However, after adding the outlet and the second switch, testing indicated that the inverter is only putting out 85 to 90 volts AC. I am trying figure out why that is; all of the wiring seems correct. Maybe there are too many connections and splices. Frustrated right now, but I’ll see if I can get it to work.

Update (May 12, 2021)

Okay; I have converted the trailer back to its original, non-powered state.

After removing the rear panel I examined all of the wiring and connections and found a loose connection at one of the switches. This is why I was getting no output from the inverter.

After tightening the screw, I reconnected everything and ran a test. I was able to run a corded electric drill from the sockets wired to the inverter.

Evidently the screw had vibrated loose during road tests. This is going to be a problem over time. Connections are going to need a bolt and nut, used with Lock-Tite to keep the connections tight. Also the battery connections are not ideal as they are held together with friction.

While the system is disassembled I think I will upgrade some components. One reader suggested I should go to a larger solar panel, maybe 60 watts. Will do! I will also add another battery to the bank and perhaps switch to connection which use a bolt and nut. After I have tested the new system I will reinstall everything back onto the trailer for testing. I’ll keep you posted.

WIKE Trailer Kit

Here is the final solution for a trailer for my recumbent bike packing adventures which will take place this spring and summer. The kit is well designed and sturdy and affords all necessary hardware to complete the trailer one desires. Additional wood, aluminum, and some screws are provided by the purchaser.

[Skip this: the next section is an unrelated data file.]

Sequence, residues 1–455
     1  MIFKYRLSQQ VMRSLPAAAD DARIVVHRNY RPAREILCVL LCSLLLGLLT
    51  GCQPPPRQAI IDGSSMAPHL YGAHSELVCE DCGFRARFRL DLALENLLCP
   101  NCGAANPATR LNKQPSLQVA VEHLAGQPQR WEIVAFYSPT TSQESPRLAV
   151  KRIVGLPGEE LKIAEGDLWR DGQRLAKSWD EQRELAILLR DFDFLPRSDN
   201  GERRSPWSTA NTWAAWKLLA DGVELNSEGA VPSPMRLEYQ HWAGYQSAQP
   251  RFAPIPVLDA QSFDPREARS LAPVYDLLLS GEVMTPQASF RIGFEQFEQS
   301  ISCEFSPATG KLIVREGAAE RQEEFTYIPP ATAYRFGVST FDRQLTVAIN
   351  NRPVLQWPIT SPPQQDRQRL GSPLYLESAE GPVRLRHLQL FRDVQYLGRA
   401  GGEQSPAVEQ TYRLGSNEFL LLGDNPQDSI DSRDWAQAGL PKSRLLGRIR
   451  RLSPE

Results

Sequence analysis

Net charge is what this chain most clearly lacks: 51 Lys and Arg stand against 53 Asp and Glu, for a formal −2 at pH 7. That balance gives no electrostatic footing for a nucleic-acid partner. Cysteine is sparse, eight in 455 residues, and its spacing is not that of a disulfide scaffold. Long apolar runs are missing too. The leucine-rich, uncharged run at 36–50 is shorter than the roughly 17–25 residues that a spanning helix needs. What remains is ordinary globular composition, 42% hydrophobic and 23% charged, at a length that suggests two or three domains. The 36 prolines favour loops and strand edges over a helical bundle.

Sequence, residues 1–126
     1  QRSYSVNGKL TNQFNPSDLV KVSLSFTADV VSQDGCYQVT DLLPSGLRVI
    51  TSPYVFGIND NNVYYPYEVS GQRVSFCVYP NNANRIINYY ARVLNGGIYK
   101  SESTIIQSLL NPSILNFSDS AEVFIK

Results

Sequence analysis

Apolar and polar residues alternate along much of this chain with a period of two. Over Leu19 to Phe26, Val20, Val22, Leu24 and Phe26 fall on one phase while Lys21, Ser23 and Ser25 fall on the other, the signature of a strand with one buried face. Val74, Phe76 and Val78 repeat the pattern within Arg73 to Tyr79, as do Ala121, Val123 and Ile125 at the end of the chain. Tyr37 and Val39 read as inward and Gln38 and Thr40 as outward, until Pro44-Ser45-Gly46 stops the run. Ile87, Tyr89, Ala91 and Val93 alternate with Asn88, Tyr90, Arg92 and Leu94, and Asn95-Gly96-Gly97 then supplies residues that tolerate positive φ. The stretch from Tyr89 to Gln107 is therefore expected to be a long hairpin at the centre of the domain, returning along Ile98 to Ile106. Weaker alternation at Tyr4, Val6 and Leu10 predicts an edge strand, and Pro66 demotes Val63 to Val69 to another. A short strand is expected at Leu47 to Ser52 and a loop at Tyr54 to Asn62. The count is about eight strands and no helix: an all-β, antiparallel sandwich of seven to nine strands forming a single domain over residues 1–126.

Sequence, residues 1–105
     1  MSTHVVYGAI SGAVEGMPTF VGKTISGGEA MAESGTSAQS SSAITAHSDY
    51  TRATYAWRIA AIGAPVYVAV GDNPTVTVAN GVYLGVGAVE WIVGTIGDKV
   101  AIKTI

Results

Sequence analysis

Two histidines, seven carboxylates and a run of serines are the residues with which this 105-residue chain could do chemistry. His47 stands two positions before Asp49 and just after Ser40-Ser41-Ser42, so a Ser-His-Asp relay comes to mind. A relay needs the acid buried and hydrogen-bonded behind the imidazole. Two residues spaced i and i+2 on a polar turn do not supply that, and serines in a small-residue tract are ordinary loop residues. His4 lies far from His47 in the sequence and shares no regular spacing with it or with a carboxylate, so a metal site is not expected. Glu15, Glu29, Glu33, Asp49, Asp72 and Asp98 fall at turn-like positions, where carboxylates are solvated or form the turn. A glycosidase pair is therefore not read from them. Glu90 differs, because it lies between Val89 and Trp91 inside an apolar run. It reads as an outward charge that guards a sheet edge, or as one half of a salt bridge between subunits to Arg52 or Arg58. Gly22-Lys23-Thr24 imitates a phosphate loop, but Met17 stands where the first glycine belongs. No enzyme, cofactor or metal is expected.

This trailer will be used to carry my “power box” which will help sustain my electrical needs on the trip. Enjoy.

Bafang BBS02 Install – Chapter 2

Hello friends. Here is chapter two of the process used to install my e-assist motor kit onto my AZUB TRIcon. I made a few errors, but was able to correct them and get things straightened up.

In the meantime, I am starting to put together my equipment list and working on solar panel powered battery charging system. I will detail that process also when I feel I’ve got it done correctly.

Bafang BBS02 Install onto TRIcon

Back in 2016 or there about, I endeavored to take a long distance biking/camping tour on my AZUB TRIcon recumbent tricycle. The starting point was near Bastendorff, Oregon and its ending point was planned for Southern California. Two hundred eighty-five miles was as far as I was able to go. Due to illness, I had to bail out. Every since the try I have been itching to try it again. This coming summer I am going for it.

One of the memorable moments of that trip was when Steve Green (my riding buddy) and I had to climb a 6 mile long, uphill mountain road with a average grade of 4 to 6 percent. Plodding along at 2.3 mph with 60+ pounds of camping equipment was arduous to say the list. I still plainly remember a column of large black ants, scurrying along, roadside, making only slightly less better time than I was making. Actually, if scale and size were taken into account they were making way better time than I was. Aside from the fact we actually made it too the top, the best part of the experience was of flying down the mountain at 40+ miles per hour.

Here is a bit of video that I shot of Steve and I on that trip. It was hard, but fun. It’s been in my blood ever since to give it another shot.

Below is a picture Steven zooming by at about 45 mph at the bottom of the mountain. There’s always a down once you’ve finishd going up.

Steve Green flying downhill!

If you want to see an entire 25 minute film of the adventure go to Steve’s web site. Use this link.

Anyway, after ascending that mountain it was decided, “If I ever do this again, a motor will be used.” Call it cheating; I don’t care! Actually, I’ve been doing some research and it turns out that e-assist or electric touring is becoming quite common. Thus, I have decided to install a Bafang BBS02 750W Mid-Drive kit to my TRIcon. At 70 years old, I’ll need the help. Below is a picture of the kit.

So far the installation has been very straight forward. I’m glad I did it myself, because I saved about $800 labor charges at the local bike shop. Winter is approaching now, but as next summer rolls around I’ll be planning and exercising and getting ready to hit the road again.

To help whet your appetite take a look at this YouTube video, Chapter 1 of a three-part series of the installation. I’ll post the next chapter soon, followed by the final chapter featuring the test ride with the new motor installed. Should be fun. Come back soon.